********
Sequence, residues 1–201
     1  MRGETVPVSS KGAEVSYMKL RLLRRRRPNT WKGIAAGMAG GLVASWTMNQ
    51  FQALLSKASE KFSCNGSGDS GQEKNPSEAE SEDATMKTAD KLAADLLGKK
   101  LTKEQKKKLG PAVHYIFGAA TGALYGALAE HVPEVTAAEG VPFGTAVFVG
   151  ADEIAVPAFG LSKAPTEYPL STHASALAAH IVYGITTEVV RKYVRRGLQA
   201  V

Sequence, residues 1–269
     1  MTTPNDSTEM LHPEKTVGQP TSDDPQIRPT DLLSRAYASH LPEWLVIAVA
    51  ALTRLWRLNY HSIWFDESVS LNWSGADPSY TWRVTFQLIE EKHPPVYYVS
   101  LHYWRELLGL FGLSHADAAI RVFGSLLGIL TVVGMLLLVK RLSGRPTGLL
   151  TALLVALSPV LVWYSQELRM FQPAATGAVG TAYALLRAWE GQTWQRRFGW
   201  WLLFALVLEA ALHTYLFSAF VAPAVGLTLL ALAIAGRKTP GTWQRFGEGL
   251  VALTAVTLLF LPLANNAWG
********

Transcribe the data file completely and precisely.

Sequence, residues 1–201
     1  MRGETVPVSS KGAEVSYMKL RLLRRRRPNT WKGIAAGMAG GLVASWTMNQ
    51  FQALLSKASE KFSCNGSGDS GQEKNPSEAE SEDATMKTAD KLAADLLGKK
   101  LTKEQKKKLG PAVHYIFGAA TGALYGALAE HVPEVTAAEG VPFGTAVFVG
   151  ADEIAVPAFG LSKAPTEYPL STHASALAAH IVYGITTEVV RKYVRRGLQA
   201  V

Sequence, residues 1–269
     1  MTTPNDSTEM LHPEKTVGQP TSDDPQIRPT DLLSRAYASH LPEWLVIAVA
    51  ALTRLWRLNY HSIWFDESVS LNWSGADPSY TWRVTFQLIE EKHPPVYYVS
   101  LHYWRELLGL FGLSHADAAI RVFGSLLGIL TVVGMLLLVK RLSGRPTGLL
   151  TALLVALSPV LVWYSQELRM FQPAATGAVG TAYALLRAWE GQTWQRRFGW
   201  WLLFALVLEA ALHTYLFSAF VAPAVGLTLL ALAIAGRKTP GTWQRFGEGL
   251  VALTAVTLLF LPLANNAWG